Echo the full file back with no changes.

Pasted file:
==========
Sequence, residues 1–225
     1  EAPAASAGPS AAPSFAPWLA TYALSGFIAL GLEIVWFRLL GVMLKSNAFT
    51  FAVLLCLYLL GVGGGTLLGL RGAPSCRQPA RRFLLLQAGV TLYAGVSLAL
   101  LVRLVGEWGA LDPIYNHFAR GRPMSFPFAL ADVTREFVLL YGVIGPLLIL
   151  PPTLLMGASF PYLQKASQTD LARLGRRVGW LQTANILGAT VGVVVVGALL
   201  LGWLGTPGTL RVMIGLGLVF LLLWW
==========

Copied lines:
Sequence, residues 1–225
     1  EAPAASAGPS AAPSFAPWLA TYALSGFIAL GLEIVWFRLL GVMLKSNAFT
    51  FAVLLCLYLL GVGGGTLLGL RGAPSCRQPA RRFLLLQAGV TLYAGVSLAL
   101  LVRLVGEWGA LDPIYNHFAR GRPMSFPFAL ADVTREFVLL YGVIGPLLIL
   151  PPTLLMGASF PYLQKASQTD LARLGRRVGW LQTANILGAT VGVVVVGALL
   201  LGWLGTPGTL RVMIGLGLVF LLLWW